Seizures – ED

Seizures

1. Consider the possibility of a seizure in the differential diagnosis for a patient with an atypical presentation but without witnessed frank seizure movements (e.g., confused or altered level of consciousness, incontinence, fall/injury/accident, tics in children).

Classifications

  1. Generalized
    1. tonic-clonic / Grand Mal
    2. Absence / Petit Mal: <1min staring spells
    3. Myoclonic
    4. Atonic
  2. Simple partial – consciousness maintained & no post-ictal
    1. Motor: focal tonic movement; Jacksonian march (simple partial progressing to generalized seizure)
    2. Sensory: visual, auditory, oral, olfactory, gustatory
  3. Complex partial (temporal lobe) – no LOC ,but AMS/impairment +/- amnesia
    1. automatisms: lip smacking, repeated swallowing, picking at clothes
    2. hallucinations: olfactory/gustatory – temporal lobe; visual – occipital
    3. may have postictal confusion
  4. Pseudoseizures / PNES (psychogenic non-epilepticus Seizures)
    1. no postictal, acidosis, leukocytosis
    2. normal prolactine level and plantar reflex

2. Given a patient with a seizure, investigate for rapidly reversible causes (e.g., hypoglycemia, toxicology, arrhythmias) and treat promptly.

Secondary causes

  1. Metabolic:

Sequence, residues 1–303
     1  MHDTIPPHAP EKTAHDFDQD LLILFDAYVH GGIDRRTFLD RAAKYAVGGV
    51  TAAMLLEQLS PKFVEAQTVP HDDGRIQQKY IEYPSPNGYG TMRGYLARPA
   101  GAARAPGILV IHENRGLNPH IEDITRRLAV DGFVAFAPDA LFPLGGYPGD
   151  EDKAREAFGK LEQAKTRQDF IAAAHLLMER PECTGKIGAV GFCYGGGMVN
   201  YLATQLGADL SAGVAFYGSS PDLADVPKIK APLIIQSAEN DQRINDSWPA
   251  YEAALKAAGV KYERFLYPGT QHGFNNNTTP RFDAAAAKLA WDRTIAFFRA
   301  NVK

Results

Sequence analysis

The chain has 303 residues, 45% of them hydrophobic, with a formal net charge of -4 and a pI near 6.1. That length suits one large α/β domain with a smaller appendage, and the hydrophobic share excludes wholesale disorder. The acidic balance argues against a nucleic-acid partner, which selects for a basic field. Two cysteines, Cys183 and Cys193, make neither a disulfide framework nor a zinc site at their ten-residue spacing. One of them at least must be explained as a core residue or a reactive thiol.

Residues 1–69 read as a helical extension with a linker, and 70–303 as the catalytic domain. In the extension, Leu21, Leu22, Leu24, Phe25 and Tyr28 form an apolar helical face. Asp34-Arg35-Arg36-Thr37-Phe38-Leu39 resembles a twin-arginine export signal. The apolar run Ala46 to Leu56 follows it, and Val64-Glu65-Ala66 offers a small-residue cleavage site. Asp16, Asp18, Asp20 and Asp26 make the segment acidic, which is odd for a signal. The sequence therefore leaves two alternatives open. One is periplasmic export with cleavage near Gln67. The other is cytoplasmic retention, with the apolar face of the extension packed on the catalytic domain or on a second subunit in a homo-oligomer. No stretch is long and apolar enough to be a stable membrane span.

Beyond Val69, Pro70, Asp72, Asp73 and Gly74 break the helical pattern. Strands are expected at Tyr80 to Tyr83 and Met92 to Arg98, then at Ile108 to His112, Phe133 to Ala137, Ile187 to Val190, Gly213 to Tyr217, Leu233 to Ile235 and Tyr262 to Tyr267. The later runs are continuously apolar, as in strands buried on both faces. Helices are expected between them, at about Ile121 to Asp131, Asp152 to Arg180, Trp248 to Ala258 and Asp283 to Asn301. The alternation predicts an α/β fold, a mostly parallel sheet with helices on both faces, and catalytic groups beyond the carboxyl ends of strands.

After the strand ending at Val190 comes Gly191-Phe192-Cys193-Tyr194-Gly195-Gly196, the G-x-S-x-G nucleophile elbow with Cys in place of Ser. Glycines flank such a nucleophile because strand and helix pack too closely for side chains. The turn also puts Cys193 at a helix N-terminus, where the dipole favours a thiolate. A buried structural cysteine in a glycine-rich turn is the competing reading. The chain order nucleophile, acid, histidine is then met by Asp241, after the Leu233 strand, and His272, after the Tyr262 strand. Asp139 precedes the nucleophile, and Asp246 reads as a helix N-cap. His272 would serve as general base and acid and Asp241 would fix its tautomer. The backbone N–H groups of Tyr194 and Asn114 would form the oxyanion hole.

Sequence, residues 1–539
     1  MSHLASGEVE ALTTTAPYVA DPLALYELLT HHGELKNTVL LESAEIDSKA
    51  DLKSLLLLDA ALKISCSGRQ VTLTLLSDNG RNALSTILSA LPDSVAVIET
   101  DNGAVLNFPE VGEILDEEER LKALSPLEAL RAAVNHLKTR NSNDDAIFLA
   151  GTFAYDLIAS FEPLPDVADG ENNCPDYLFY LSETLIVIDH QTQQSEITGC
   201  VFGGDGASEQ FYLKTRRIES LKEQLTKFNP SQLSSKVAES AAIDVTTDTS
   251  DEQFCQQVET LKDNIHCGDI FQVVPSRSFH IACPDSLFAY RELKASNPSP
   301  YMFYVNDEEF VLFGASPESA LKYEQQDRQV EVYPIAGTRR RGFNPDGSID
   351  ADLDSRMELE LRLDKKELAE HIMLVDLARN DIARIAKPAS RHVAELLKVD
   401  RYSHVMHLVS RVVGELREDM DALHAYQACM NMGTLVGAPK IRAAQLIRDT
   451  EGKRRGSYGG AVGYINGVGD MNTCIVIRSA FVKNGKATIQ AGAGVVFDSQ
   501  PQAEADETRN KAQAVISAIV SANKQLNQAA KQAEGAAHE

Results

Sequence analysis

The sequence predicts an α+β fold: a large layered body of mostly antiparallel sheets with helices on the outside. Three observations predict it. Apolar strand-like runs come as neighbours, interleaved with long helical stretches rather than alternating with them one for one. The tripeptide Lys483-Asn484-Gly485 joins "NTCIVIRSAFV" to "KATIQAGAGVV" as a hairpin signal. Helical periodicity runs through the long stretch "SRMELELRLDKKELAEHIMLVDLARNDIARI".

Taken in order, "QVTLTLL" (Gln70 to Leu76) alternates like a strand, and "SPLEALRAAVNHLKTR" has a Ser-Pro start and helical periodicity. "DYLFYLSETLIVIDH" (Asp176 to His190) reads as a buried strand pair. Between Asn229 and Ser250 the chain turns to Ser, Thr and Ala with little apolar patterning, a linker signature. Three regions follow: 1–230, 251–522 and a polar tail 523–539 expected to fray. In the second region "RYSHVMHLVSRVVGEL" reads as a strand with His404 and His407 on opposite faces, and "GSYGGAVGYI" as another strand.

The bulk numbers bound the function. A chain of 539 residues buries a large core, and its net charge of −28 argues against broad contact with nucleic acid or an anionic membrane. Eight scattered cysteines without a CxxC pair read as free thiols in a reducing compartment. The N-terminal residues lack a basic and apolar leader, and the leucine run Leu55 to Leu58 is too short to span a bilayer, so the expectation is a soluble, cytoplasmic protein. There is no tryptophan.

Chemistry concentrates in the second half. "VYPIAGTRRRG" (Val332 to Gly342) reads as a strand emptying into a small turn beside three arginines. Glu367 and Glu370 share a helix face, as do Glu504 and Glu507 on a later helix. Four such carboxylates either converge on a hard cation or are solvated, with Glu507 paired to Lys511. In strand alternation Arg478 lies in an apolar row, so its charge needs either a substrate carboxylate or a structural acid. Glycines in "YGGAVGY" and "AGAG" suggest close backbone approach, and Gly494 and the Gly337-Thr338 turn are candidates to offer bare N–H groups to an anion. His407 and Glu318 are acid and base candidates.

1. Hypoglycemia (DM), Hyponatremia (neonates/infants), hypocalcemia
  2. Drugs & toxins
    1. anticholinergics/ cholinergics/ sympathomimetics
    2. Antidepressants / toxic alcohols / Mushrooms (gyromitra sp)
    3. Alcohol W/D: BZD/thiamine Tx of choice; may need intubation + phenobarb vs propofol
    4. Drugs: theophylline (asthma), INH (Injures Neurons & Hepatocytes – TB), baclofen w/D; TCA OD (bicarb)
  3. CNS infection – encephalitis / meningitis
  4. CNS lesions / trauma: neurocysticercosis, hemorrhage, tumors, stroke, vasculitis, hydrocephalus
  5. Febrile – simple (<15min, <2/24hr, 6mo-6yo) vs complex; antiepileptics not indicated
    1. prevalent family; Sz w/u not req if simple febrile Sz
    2. LP if: Meningeal signs, <12mo w/o HiB or S. Pneumo Imm, Febrile status epilepticus
    3. risk factor for recurrence: <12mo, lower temp and shorter duration of fever at onset, + family hx, complex febrile Sz
  6. Eclampsia
  7. Pseudo – hysterical epilepsy
  8. Syncope / arrhythmia – ECG for all Sz patients

3. Given a patient with ongoing repeated seizures or persistent altered mental status between seizures, make the diagnosis of status epilepticus and treat promptly.

Status epilepticus

  • Sz >5min or >=2 Sz w/o fully recovery of consciousness between seizures
  • Pt may have EEG discharge even after tonic-clonic movements ended; Must monitor EEG after intubation + paralyzed

4. In a patient who continues to seize actively, manage by:

• Assessing the airway and ventilation and supporting as necessary

• Identifying specific conditions that require treatment other than standard anticonvulsant therapy (e.g., pre-eclampsia, toxidromes)

Reversible causes

  1. infectious – consider empiric abx and acyclovir
  2. Eclampia – up to 6wk postpartum – consider empiric MgSO4 4-6g IV
  3. Isoniazid toxicity – antidote: pyridoxine 5g IV
    1. consider tox causes if unresponsive to drug therapy
  4. Hyponatremia – 100ml (2ml/kg) 3% hypertonic saline; repeat 10min prn
    1. HypoCa/Mg – replace
  5. EtOH W/D – needs more BZD / thiamine